Prometheus

Newsletter of the Libertarian Futurist Society

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Volume 28, Number 4, Summer, 2010

Editorial: Whither Prometheus?

By Anders Monsen

Is print dead? Is it time to cease publication of Prometheus, its role no longer valid in the age of the internet? These are questions I ask myself as I prepare each issue, and that I now state in public, as I lean towards the affirmative more and more. This issue possibly may be one of the last print publications I produce. Although the annual costs are not staggering, they present a large portion of the LFS’s annual budget. Is there any worthwhile return on this investment? Original content is minimal, though certainly Prometheus provides a unique outlet in terms of libertarian publications. But cannot the internet do the same and more? Would not moving the newsletter to an online only edition make better sense in our online world? More questions here than answers.

Financially there would be minimal costs involved in a web presence. The savings appear substantial, and untold new readers would discover reviews about interesting books. Yet how would readers and members treat the new format? One of the benefits of membership is a subscription to Prometheus, and were it to move online, what extra benefits are there to membership in the LFS? If everything is online for free, do people have any incentive to join the LFS? Is voting for the Prometheus Award and/or Hall of Fame enough? Realistically I would have to say no, as the cost of the Advisory membership is such that not everyone would pay just to send in a ballot once a year. Also, would the newsletter be lost amid the clutter of the web and mail inbox, forgotten unlike a print newsletter that is physical and can be picked up and read at leisure? We are not the only organization/newsletter to ponder this issue. However, the LFS is unusual in that we are one of the few (or perhaps only) awards organization that actually publishes a newsletter.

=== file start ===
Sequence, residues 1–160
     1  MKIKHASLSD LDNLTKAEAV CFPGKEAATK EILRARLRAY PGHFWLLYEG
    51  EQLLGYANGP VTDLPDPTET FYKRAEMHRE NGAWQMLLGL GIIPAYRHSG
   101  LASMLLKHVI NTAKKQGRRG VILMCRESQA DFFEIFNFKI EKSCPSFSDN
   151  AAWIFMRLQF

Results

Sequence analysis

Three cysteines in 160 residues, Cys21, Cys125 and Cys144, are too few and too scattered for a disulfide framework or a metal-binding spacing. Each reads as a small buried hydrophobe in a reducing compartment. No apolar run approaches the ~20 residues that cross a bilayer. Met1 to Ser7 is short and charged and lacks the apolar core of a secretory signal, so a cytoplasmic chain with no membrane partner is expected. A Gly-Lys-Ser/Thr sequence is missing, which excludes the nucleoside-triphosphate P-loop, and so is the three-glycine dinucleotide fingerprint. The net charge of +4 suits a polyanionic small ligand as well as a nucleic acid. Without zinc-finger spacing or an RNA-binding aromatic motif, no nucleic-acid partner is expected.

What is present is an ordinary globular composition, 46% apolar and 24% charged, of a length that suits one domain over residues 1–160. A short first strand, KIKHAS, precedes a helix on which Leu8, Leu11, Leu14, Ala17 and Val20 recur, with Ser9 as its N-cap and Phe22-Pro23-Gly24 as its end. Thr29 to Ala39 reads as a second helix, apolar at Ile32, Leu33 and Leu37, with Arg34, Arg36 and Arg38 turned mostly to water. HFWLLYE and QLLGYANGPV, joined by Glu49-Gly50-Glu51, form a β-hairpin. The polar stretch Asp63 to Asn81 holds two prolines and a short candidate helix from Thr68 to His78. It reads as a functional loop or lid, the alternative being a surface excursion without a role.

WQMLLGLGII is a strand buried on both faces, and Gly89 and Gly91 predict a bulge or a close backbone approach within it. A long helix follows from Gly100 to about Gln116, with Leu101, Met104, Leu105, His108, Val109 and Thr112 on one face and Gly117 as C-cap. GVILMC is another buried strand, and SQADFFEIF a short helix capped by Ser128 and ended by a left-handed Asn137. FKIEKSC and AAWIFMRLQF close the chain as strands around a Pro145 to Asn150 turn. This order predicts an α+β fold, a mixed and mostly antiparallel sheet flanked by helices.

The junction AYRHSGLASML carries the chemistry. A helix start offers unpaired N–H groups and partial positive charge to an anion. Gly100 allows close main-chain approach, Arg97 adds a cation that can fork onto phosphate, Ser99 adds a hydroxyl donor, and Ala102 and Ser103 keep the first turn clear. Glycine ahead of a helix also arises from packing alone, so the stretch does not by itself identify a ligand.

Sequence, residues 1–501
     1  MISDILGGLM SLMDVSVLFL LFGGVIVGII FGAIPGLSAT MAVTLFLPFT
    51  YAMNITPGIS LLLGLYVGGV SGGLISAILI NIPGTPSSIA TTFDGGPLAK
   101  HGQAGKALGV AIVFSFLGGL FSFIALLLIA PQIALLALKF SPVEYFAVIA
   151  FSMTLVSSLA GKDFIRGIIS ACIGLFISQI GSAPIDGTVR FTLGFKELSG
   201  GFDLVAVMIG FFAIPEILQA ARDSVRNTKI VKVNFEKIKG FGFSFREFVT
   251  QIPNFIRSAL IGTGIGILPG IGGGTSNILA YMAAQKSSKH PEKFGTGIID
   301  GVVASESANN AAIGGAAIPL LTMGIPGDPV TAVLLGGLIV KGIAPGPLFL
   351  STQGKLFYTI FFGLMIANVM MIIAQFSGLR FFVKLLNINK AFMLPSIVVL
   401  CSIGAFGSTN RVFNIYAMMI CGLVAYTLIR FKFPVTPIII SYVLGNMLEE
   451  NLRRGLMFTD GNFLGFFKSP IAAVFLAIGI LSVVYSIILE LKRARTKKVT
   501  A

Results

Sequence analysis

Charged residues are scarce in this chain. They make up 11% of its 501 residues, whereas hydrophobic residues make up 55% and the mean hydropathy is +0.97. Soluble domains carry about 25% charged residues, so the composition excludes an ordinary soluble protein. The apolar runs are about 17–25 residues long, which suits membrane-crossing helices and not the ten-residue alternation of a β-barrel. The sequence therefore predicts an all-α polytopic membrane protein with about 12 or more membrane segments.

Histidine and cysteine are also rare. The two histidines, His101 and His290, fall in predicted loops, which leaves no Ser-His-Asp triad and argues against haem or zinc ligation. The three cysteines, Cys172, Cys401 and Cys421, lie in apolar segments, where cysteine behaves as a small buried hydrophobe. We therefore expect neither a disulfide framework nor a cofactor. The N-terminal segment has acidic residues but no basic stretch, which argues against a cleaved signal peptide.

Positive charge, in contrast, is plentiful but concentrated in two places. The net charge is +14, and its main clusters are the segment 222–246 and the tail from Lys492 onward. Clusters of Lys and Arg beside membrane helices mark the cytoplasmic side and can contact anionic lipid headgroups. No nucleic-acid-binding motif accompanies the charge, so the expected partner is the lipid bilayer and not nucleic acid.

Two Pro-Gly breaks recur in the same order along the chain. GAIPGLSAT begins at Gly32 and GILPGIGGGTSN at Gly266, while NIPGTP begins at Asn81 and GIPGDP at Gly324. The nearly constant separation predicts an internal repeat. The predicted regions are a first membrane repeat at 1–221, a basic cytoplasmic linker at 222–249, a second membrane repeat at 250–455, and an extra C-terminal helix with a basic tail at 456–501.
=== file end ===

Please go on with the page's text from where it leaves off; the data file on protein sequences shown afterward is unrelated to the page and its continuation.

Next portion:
In the 1990s the future was wired. Everyone needed a website, an online presence. Then the dot.com boom broke shortly after Y2K and 9/11, and while casualties litter the ground, the internet surged forward. Today we see terms such as Web 2.0 and social media thrown around with abandon. Static web pages have become relics of a bygone age. The current trends show Twitter, facebook, smart phones, and other rapid technology exist as ways to connect people to people, not people to destination sites.

The LFS has a website, although it currently is a very static site. Successful web pages these days are those that draw eyeballs, but more importantly interaction from visitors. Rather than try to scramble around for original content for the newsletter amid mostly reprints, I propose a greater focus on building up the LFS web site into a richer, more interactive location. As editor of Prometheus I find my position complex, as I am in effect advocating myself out of a position. I think it is high time to crowdsource the solution and spend our resources in building a better web experience, with multiple writers and editors. Feedback would be welcome—Prometheus will print your letter if you wish, or just send me a note to discuss the issue. Or better yet, good fresh content to publish here first.

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